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Electric field inside conductor

  1. Feb 24, 2012 #1
    electric field "inside" conductor

    Well consider a conductor with a void inside it. An external constant electric field is applied across it.

    I would like to distinguish between two things : when i say "inside" the conductor i mean the void, the empty space which contains nothing but air and
    when i say "in" the conductor i mean the the metal which has loads of free electrons inside it

    So i fully understand why the electric field "in" the conductor becomes zero. Th electrons will rearrange themselves to cancel it . But why would the electric field "inside" the conductor become zero. IT has no free electrons and the electric field would remain as it is in that free space. Only "in" the metal should the electric field become zero

    When electric field is applied all the electrons "in" the metal would start to move and rearrange themselves until they feel no force so electric field "in" the metal becomes zero
    But there are no free electrons "inside" the conductor - so electric field remains as it is there

    I hopei'm clear
     
  2. jcsd
  3. Feb 24, 2012 #2

    tiny-tim

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    hi jd12345! :smile:
    you mean that if there was free space with a non-zero electric field,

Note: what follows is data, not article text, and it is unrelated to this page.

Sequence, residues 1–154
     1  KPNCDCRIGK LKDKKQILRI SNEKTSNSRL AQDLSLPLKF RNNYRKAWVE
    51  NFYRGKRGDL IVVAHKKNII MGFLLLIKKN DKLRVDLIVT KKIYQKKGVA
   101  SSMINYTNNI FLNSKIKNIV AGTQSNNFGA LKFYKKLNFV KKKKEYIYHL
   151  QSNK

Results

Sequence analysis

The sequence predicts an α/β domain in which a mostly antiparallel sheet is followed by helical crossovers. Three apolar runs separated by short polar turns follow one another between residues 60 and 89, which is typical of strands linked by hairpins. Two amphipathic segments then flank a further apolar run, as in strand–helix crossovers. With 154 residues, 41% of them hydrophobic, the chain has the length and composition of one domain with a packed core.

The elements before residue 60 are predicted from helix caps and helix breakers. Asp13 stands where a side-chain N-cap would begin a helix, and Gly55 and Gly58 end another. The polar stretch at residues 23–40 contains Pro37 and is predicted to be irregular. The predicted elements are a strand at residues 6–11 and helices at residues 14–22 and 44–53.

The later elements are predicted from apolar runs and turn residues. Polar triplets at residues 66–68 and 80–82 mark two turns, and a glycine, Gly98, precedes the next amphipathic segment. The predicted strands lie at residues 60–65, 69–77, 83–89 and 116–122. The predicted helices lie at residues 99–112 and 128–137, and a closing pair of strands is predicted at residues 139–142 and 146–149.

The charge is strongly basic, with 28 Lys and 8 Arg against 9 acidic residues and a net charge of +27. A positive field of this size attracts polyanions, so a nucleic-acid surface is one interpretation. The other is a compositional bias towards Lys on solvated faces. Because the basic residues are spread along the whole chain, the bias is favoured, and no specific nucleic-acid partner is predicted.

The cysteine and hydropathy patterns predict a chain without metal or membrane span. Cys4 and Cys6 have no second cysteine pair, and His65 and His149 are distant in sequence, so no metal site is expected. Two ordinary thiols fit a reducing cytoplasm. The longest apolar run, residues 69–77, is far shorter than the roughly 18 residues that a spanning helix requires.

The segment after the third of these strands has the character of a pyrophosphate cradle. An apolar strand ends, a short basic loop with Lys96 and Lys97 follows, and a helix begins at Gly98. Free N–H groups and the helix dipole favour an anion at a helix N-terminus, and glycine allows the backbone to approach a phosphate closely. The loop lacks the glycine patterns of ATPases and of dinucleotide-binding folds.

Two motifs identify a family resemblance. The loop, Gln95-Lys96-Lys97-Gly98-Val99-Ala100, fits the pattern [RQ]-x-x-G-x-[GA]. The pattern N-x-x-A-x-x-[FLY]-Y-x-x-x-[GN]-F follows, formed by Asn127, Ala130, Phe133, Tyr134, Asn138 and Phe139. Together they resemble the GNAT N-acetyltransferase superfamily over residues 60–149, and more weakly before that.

and you put this conductor into that space, then by the principle of superposition, why isn't the field inside the conductor the same non-zero field as before?

    because the non-zero field in the free space affects the charge distribution (the electrons) on the outside surface of the conductor, so when you "superpose", you're not "superposing" the same field of the conductor as in the zero-field case :wink:
     
  4. Feb 24, 2012 #3
    Re: electric field "inside" conductor

    You are very clear as this is a common question. There are mathematical explanations to this question. One is based on the Laplace equation for the electric potential within the void with a constant potential on its boundary. since there is no free charge inside the void, the solution is a constnt potential all through the void and this means zero electric field.

    I can't understand tiny-tim's answer, but it seems to be a mathematical explanation too.

    However I think you are looking for a more physical explanation. Then this explanation may help:
    Imagine two points on the boundary of the void. To move a charge from one point to the other "through the conductor", zero work is requited because they have the same potential. Now you can chose any path between the two points "through the void". Again zero work is required. This means the the work done on the charge by the field is zero. This in turn means the field ( which applies the force) is zero OR its component along the path changes direction so that the net work done by the field along the path is zero. I think its easy to prove that the latter is possible only when there is free charge in the void ( I have no solid proof now).
     
  5. Feb 24, 2012 #4
    Re: electric field "inside" conductor

    self delete
     
    Last edited: Feb 24, 2012
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